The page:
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The Diabetic Foot, Epidemiology, Symptoms, and Treatment

The Diabetic Foot, Epidemiology, Symptoms, and Treatment

According to the American Diabetes Association, about 25 million people worldwide suffer from diabetes. If you are suffering from diabetes, your blood glucose or blood sugar levels are too high. After some time, this can damage your blood vessels and nerves. Nerve damage caused by this condition is not only painful but can also cause you to lose feeling in your feet. You may not feel a sore, cut, or blister. Foot injuries such as these may lead to infections and ulcers. In serious cases, your feet may be amputated.

Once your blood vessels are damaged, it means that your feet will not be able to get enough oxygen and blood thereby leading to diabetic foot.


According to studies, an estimated 10% of people suffering from diabetes have a diabetic foot ulcer. · Painful diabetic neuropathy affects over 26% of couple with diabetes. · Diabetes is the most common cause of limb amputation with more than 80% of all amputations done on those with diabetic foot ulcers. · After the first amputation, an individual is likely to get a second amputation. · After amputation or the diabetic foot ulceration, there are high mortality rates with over 50% of patients dying within 5 years of developing an ulcer and over 70% dying after 5 years of foot amputation.

Foot problems that can be caused by diabetes

Diabetes mellitus generally leads to series foot problems. These include peripheral vascular disease and diabetic neuropathy. These two major diseases can lead to infections, diabetes foot ulcers, Charcot arthropathy, gangrene, and amputation. Some of the symptoms of neuropathy include loss of pain, protective sensations, and tingling sensations.

Patients may also develop abrasion, blister, and wound and may not feel any pain. More so, decreased coloration may cause skin temperature changes, pain, and skin discoloration. Depending on the problem, patients may notice a discoloration, swelling, increased warmth or coolness, red streaks, and injury with minimal pain. Those who have an infection may experience chills, fever, drainage loss, redness and loss of blood sugar.

Anatomy of the disease

The typical places that ulcers may form include top of the foot, along the bottom of the foot, ankle bones, and the side of the foot.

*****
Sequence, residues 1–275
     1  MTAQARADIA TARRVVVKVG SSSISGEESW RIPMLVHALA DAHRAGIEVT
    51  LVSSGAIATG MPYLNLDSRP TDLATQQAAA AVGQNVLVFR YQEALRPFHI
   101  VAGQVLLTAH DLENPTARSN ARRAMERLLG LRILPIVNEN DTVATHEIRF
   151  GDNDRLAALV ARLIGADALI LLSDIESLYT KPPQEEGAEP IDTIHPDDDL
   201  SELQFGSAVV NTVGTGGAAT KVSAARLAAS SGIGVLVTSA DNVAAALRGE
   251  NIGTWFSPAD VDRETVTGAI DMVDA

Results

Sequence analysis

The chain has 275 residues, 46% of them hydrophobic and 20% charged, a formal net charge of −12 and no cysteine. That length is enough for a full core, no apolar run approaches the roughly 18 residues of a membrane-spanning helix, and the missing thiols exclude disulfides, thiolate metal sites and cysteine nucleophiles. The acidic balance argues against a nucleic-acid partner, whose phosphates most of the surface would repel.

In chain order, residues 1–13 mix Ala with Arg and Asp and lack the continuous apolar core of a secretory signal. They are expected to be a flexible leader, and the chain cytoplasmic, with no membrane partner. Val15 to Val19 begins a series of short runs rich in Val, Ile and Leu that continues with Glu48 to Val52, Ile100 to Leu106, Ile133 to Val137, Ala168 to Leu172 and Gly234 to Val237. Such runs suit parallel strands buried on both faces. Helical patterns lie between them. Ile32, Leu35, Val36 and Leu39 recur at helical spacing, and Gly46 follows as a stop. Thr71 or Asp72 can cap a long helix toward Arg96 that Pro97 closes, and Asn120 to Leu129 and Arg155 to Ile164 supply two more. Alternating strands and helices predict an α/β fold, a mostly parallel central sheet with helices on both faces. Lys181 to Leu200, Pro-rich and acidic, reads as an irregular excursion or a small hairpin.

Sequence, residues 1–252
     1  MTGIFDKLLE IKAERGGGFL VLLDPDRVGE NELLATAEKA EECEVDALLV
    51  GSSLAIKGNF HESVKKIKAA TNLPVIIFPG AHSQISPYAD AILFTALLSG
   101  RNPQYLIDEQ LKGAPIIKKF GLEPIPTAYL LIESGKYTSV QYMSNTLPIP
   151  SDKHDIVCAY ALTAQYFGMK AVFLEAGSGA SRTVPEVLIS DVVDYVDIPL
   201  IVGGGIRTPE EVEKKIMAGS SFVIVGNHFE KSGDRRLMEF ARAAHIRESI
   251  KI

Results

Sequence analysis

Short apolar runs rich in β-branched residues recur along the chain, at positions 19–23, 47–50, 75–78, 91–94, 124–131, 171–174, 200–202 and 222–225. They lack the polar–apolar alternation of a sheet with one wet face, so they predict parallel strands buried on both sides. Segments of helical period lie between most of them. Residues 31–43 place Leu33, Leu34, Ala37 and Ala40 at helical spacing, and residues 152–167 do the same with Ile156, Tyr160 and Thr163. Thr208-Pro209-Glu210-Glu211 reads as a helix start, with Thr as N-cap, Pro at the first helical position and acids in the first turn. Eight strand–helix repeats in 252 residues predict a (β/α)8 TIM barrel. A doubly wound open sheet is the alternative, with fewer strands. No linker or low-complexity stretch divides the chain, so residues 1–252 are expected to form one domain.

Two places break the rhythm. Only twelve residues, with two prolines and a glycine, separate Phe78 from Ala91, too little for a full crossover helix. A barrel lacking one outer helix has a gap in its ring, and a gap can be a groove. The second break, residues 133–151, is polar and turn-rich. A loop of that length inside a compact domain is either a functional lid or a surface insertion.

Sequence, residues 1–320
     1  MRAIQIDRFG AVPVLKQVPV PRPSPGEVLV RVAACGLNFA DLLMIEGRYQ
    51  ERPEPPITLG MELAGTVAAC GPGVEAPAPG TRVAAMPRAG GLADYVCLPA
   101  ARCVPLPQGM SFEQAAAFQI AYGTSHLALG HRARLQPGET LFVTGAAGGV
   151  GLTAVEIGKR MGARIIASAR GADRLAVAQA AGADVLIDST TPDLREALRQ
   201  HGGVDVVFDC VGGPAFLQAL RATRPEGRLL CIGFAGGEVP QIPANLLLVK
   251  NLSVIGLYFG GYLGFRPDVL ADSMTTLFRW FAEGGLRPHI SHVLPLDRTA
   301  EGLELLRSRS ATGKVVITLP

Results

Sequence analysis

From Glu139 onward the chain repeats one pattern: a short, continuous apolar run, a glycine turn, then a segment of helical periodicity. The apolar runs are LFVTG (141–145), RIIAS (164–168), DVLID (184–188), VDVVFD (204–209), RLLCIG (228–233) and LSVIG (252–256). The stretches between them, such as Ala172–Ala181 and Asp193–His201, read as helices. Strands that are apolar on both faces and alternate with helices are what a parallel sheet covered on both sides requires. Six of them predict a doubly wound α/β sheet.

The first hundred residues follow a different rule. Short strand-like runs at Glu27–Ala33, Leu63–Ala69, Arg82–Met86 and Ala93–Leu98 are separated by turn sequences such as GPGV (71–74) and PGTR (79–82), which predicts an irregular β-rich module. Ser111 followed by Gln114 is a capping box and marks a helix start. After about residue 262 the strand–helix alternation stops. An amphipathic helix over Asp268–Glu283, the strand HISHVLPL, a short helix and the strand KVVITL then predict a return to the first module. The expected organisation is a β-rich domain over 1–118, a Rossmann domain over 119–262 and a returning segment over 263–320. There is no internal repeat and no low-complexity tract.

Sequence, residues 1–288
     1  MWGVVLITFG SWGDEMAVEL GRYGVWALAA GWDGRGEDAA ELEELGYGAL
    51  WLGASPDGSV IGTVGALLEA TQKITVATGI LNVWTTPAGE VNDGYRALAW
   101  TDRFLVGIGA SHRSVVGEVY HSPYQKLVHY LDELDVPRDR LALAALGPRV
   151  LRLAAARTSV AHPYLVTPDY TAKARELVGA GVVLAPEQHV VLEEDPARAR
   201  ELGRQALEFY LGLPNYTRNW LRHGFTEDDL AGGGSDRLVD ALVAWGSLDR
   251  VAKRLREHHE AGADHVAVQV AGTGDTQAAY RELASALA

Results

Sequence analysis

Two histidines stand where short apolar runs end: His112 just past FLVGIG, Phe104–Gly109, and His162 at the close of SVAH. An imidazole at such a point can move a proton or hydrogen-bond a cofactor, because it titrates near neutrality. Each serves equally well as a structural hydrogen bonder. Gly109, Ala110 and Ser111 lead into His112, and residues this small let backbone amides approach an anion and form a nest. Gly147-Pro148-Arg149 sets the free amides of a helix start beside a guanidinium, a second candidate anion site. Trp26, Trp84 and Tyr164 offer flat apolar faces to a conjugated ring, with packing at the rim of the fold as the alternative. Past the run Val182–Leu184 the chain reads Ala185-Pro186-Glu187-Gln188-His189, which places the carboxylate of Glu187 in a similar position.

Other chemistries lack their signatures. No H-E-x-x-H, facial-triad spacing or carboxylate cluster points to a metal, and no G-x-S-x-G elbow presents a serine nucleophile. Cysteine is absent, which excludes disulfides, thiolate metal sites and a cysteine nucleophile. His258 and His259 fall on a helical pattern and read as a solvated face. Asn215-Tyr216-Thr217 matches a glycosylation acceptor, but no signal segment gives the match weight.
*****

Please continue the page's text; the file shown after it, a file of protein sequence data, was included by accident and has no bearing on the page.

Tests and treatment

The diabetic foot medical examinations include physical examination, thorough history check, X-ray studies, laboratory tests, ultrasound, consultation, angiogram. Once the tests have been done, proper treatment should follow. Here are some of the treatment options

Antibiotics- If the doctor determines that an ulcer or a wound is infected, then an antibiotic may be prescribed to treat this. It’s, therefore, important for the patient to take the entire dose of antibiotic as prescribed by the doctor. The doctor may also give a single dose of antibiotic as a shot.

Referral to wound care center- Many hospitals now have care centers that specialize in the treatment of wounds and ulcers that are difficult to treat. In these centers, doctors, nurses, and other therapists work with the patients in developing the best treatment plan for the leg ulcer or wound.

Referral to orthopedic surgeon and podiatrists- In case The patient is suffering from any tore related problem, calluses, corns, flat feet or arthritis then he may be referred to these specialists.

Surgical treatment- Severe infections may be treated with amputation or urgent removal of decaying tissues. More so, gangrene may be treated with below the knee amputation or partial foot amputation.

Home health care- The doctor may also prescribe a home aide or a health nurse to help the patient with dressings and wound care, monitor blood sugar and taking the medications.